In October of 2014 I created my Randomized Dungeon System. After release it turned out to be flawed with bugs. Recently I discovered the level instance feature of UE4 and decided to try it again from scratch. I came up with a new generator which still uses tiles compared to other generators which are only able to use walls and floors on a fixed grid. Since I’ve gained a lot of experience in the meantime, this new version should be much cleaner, more stable and more professional. It is still made completely with blueprints.
You can use it in commercial and non-commercial projects and are not required to give credit to me.
- Each tile is a separate level. It can contain anything a regular level can.
- Performance friendly by having an automated system of hierarchical instanced static meshes implemented.
- Connections can go in all directions (not limited to a grid).
- TileCondition and LayoutModifier classes exist to modify the layout during the generation process (create child classes and assign them to the tiles)
- Tiles can have limited amounts so unique or rare tiles only spawn a couple of times at most.
- Tiles will only spawn where they don’t intersect with “WorldStatic” collisions.
- Actors exist to help with the tile setup process.
- No seeds/random streams implemented right now.
- Only one generator can exist in a level.
- Spawning the levels after layouting the tiles is performance intense and takes a while.
- No replication for multiplayer.
The generator works in two phases: layouting and spawning. First the layout is set up by spawning DungeonTile actors in the level and connecting them. Afterwards the DungeonTile actors spawn their assigned levels before getting destroyed as they are only placeholders.
There are three examples included in the project. The first one is a dungeon made of hallways. It shows that there can be multiple types of connections (“narrow” and “wide” in this case) and that actors placed inside level tiles and navigation works fine.
The second example consists of hexagonal tiles as you see them in many strategy games. They use the connections “G” and “W” (Ground and Water) at the edges to generate natural looking landmasses (compared to tiles which are either completely ground or water). It’s also best for showing the difference between the “From Center”-mode turned on and off. When turned on, the generator will add the next tile to the one that is closest to the level’s origin, leaving no gaps in this example.
The third example has a train track raging in all directions with twists and turns. The fact that connections can be rotated and therefore generate twisted layouts is what this example is supposed to display.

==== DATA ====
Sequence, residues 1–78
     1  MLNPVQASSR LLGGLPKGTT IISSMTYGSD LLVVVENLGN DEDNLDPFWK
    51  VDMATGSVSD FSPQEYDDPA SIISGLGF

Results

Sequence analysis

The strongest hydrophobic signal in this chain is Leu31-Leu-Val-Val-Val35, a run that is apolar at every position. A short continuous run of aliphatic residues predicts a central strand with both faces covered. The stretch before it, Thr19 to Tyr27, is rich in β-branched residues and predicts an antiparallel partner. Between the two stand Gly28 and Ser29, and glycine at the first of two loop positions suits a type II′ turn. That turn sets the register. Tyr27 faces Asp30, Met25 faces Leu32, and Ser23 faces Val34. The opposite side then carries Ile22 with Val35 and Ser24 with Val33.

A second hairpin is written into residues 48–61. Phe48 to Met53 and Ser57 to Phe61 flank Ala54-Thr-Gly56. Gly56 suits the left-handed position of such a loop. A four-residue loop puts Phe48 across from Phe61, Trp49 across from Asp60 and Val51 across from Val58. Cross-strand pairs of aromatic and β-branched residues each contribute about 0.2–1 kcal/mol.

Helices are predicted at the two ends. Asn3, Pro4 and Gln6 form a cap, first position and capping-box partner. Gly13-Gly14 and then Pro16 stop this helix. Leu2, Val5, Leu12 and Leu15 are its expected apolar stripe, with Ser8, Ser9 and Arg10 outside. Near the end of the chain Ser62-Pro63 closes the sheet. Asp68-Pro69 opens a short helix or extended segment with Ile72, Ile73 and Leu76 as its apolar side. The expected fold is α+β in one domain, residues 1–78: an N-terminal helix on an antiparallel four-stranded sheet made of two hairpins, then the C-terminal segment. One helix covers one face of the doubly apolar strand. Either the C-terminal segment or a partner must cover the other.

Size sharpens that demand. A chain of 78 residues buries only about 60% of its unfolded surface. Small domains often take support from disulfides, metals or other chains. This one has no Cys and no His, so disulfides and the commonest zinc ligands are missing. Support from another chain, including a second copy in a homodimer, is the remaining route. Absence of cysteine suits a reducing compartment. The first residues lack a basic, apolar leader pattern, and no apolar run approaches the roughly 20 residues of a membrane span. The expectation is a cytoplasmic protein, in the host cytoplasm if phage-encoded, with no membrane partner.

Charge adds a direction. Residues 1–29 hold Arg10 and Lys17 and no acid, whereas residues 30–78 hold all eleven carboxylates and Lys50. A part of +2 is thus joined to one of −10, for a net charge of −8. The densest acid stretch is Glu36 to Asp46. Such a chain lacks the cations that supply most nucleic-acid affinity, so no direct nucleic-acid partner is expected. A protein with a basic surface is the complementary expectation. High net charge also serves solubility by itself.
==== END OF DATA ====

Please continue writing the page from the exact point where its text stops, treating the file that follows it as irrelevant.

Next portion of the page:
At this point I have no video detailing the exact procedure of using this generator, but here’s a quick rundown:
Create levels which you want to use as tiles.
Place TileConnection actors in it at the points where it should connect to another tile (red arrow towards next tile). Enter a keyword in their properties to indicate the type of connection it uses.
Place a DungeonTileHelper actor in it (it will automatically move itself to the level’s origin) and fill out the TileData information (the connection information is automatically gathered from the TileConnection actors).
Rightclick the TileData structure variable from the DungeonTileHelper and copy it.
Create a new DataTable asset (Miscellaneous > Data Table) for the “TileEntry” structure. Create an entry and paste the copied TileData into it.
Repeat this for all the tiles you need.
Create a new DataTable asset for the “ConnectionMatch” structure. Add one entry for each type of connection your tiles have and add the types of connections it can connect to to the array.
Create a new level and place the DungeonGenerator actor in it.
Setup the Generator’s properties (read the tooltips!).
Place at least one DungeonTile actor in the scene and enter the name of a row of the data table you created to turn it into the associated tile.
Start playing or simulating the level.
Add all levels used for tiles to the packaging settings in the project settings. Otherwise they will not be packaged and missing from the final game.
If you did everything correctly, a dungeon/level should be generated. If not, read the tooltips of each property, study the examples and ask questions in this thread. I’ll try to create a video later but that might take a few weeks as my job is demanding and I only have the energy to work on something during weekends.